This is precisely the nature of the risk taken about fifteen years ago by artists who moved to the Crossroads district -- flanked by Interstate 35 on the west, Bruce R. Watkins Drive on the east, the freeway loop on the north and Union Station on the south -- before it was a cultural mecca for the city.
With such businesses as Birch Telecom and pricey restaurants such as Zin moving into the neighborhood, artists who created an urban haven from high rent and suburban mentality have become increasingly concerned that they've paved the way for developers to drive out low-income artists. Dowell, an architect with el Dorado, sees validity in the artists' concerns but doesn't think the situation is as cut-and-dried as their arguments imply. He uses the example of a sculptor named Stretch, who works out of a studio space on the 1900 block of Wyandotte, as an example.
"He recognized what was going on early enough ... to buy one of these buildings when they were dirt cheap. He took a proactive approach -- he figured out what he was gonna do to maintain his lifestyle and do what he wanted to do instead of waiting for stuff to happen, then reacting. Now he's got a really great facility over there." According to Dowell, the developers don't want to drive artists out, but artists looking for that kind of deal need to be innovative and take a risk on a space. He adds that developers follow artists because artists can spot cool areas while "developers can't see any of that. Artists need to understand the developers' game and make it work for them because the developers have certainly figured it out."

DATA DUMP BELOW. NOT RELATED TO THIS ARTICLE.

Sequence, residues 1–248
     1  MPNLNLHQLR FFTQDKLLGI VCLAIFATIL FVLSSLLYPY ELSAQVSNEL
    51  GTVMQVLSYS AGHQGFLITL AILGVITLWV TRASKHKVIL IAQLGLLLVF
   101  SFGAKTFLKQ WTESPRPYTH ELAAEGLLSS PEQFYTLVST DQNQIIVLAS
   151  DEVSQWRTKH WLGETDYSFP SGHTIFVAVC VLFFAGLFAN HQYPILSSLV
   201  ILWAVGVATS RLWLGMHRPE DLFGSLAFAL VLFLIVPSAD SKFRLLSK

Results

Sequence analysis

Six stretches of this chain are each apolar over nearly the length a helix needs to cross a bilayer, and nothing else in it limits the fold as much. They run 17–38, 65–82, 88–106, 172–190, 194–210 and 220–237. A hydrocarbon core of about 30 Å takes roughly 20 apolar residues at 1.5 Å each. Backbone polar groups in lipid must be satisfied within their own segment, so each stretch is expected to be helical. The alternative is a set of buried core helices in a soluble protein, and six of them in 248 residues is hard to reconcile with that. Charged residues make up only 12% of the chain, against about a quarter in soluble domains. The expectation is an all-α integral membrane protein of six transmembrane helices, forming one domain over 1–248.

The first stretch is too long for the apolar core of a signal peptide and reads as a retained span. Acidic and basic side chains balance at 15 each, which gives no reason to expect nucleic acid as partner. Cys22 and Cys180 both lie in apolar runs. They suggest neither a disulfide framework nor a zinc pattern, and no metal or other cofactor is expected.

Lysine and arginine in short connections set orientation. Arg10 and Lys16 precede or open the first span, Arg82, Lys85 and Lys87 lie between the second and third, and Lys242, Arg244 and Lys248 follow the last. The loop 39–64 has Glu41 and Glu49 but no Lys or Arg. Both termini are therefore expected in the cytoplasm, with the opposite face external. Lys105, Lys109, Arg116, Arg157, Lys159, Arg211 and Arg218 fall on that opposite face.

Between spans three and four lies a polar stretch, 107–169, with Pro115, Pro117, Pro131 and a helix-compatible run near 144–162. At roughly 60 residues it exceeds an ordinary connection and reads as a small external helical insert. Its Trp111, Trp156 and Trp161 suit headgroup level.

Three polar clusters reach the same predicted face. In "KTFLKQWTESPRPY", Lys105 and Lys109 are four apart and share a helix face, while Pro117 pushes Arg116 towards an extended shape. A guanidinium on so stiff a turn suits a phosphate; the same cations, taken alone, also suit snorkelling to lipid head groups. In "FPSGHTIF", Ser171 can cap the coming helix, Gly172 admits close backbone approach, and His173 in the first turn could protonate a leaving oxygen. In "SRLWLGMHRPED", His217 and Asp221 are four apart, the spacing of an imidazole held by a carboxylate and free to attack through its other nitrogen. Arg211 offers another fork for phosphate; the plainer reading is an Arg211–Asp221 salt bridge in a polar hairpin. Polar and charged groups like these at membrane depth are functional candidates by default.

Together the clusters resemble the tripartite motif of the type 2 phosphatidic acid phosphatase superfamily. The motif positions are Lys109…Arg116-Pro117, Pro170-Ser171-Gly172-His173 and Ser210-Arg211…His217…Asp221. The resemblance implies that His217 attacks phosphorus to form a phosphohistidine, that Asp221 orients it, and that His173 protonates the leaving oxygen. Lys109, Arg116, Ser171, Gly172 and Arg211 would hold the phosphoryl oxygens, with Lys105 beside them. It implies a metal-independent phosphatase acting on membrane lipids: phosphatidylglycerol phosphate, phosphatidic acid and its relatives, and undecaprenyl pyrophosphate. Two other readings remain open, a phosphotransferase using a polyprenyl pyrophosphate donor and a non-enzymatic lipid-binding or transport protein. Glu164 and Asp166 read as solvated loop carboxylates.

For more than a year and a half, Dowell and other el Dorado architects have been excavating old downtown buildings' beauty (which was buried under layers of misuse), commissioning artists in the neighborhood to do some of the handiwork. What Dowell and other architects love -- and hate -- about the Crossroads district is its potential. "Kansas City has always been a city of potential. I get sick of it being that way. I want it to be realized potential," he laments, harkening back to the excitement he felt while living in San Francisco. On a visit back to his hometown of Kansas City, the possibility of the Crossroads district becoming a thriving urban district roped him in; he's been dedicated to the project ever since. "I was working with big firms that were moving slowly toward implementation, and I finally thought, 'Fuck that. I want to do this right now, and if it fails, I'll go back to the coast.'"